Such communication blackouts occur every two years when the red planet disappears behind the sun. No new commands are sent since flares and charged particles spewing from the sun can scramble transmission signals and put spacecraft in danger.
April 3, 2013
Used Parachute on Mars Flaps in the Wind
Photos from NASA's Mars Reconnaissance Orbiter show how the parachute that helped NASA's Curiosity rover land on Mars last summer has subsequently changed its shape on the ground.
The images were obtained by the High Resolution Imaging Science Experiment (HiRISE) camera on Mars Reconnaissance Orbiter.
Seven images taken by HiRISE between Aug. 12, 2012, and Jan. 13, 2013, show the used parachute shifting its shape at least twice in response to wind.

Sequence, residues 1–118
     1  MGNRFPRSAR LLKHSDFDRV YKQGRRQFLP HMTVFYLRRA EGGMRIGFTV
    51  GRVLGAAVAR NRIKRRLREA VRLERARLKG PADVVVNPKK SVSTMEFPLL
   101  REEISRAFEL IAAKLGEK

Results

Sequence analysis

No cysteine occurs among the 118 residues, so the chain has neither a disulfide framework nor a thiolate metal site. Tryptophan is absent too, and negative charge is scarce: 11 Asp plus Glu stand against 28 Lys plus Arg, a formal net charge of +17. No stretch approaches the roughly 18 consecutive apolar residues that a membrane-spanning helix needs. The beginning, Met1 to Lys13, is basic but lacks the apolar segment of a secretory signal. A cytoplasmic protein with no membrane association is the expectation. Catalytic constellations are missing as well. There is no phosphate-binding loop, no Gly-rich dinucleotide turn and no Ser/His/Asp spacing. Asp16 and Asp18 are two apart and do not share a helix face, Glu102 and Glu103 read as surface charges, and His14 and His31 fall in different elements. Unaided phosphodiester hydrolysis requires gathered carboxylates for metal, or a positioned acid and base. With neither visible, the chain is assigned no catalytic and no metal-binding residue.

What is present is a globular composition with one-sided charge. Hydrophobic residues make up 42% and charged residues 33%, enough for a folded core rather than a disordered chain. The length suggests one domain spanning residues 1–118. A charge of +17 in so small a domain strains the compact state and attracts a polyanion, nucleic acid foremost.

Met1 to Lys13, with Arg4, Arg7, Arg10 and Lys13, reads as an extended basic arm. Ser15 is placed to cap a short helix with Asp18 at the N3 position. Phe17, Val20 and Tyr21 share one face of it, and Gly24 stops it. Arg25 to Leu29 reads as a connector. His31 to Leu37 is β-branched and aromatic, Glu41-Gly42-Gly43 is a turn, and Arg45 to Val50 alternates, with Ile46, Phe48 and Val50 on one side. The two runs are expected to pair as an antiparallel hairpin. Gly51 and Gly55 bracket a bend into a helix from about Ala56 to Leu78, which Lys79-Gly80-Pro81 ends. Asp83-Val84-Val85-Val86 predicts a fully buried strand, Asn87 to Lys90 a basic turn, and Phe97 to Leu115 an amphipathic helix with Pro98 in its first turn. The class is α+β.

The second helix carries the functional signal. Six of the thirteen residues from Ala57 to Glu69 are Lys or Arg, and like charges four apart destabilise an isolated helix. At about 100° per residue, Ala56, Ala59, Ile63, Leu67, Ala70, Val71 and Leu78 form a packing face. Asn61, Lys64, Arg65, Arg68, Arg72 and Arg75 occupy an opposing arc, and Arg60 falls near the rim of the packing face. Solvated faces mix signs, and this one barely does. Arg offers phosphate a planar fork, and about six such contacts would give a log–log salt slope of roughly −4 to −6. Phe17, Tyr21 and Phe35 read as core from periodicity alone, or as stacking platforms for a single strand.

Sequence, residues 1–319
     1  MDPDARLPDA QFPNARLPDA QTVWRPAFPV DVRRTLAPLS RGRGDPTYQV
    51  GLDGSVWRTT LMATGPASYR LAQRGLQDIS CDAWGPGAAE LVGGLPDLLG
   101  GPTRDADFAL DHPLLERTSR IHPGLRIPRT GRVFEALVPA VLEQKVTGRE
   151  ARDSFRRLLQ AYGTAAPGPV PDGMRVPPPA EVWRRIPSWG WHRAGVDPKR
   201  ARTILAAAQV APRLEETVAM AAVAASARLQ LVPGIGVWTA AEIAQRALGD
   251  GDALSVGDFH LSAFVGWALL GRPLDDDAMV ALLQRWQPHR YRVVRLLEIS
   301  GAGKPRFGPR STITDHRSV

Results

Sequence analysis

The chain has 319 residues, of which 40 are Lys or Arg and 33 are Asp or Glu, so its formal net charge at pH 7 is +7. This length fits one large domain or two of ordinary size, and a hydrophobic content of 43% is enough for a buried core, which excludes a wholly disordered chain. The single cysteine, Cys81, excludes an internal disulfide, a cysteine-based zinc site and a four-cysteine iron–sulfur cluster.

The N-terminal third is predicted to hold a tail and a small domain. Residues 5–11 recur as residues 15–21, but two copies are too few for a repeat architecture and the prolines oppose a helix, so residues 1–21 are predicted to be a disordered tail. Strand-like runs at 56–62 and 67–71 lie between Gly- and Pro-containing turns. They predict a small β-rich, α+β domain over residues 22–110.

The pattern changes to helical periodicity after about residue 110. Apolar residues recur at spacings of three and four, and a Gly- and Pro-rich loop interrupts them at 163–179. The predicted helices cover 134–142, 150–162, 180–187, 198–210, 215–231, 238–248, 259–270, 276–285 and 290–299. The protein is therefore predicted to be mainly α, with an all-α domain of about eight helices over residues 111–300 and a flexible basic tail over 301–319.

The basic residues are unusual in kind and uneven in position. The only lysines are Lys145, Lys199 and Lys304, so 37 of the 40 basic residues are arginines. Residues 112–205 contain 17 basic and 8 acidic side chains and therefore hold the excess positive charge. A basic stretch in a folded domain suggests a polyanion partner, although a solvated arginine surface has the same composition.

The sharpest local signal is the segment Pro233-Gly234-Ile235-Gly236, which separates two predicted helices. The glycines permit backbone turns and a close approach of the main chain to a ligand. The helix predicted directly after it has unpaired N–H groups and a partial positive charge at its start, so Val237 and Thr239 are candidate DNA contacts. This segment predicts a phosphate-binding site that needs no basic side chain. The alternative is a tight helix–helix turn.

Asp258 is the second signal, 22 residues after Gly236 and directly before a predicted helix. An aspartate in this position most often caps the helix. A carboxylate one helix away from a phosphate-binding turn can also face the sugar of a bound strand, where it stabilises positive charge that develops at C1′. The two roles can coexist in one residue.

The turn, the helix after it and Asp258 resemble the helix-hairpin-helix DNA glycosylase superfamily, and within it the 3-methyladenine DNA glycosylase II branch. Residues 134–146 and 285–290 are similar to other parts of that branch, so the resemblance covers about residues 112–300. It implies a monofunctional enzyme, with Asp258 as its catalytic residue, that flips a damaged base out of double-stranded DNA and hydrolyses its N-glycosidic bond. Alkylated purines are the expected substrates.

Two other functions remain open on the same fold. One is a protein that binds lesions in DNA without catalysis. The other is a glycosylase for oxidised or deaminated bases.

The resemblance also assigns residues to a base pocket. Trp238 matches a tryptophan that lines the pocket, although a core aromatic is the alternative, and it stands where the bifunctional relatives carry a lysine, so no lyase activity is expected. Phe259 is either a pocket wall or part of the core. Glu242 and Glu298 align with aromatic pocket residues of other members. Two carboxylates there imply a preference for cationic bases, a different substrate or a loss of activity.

March 28, 2013
Why a Mars Comet Impact Would be Awesome
When Jupiter’s tides ripped Comet Shoemaker–Levy 9 to shreds, only for the icy chunks to succumb to the intense Jovian gravity, ultimately slamming into the gas giant’s atmosphere, mankind was treated to a rare cosmic spectacle (in human timescales at least). That was the first time in modern history that we saw a comet do battle with a planet… and lose.
But next year, astronomers think there’s a chance — albeit a small one — of a neighboring planet getting punched by an icy interplanetary interloper. However, this planet doesn’t have a generously thick atmosphere to soften the blow. Rather than causing bruises in a dense, molecular hydrogen atmosphere, this comet will pass through the atmosphere like it wasn’t even there and hit the planetary surface like a cosmic pile-driver, ripping into the crust.
What’s more, we’d have robotic eyes on the ground and in orbit should the worst happen.
Additional Articles in this Category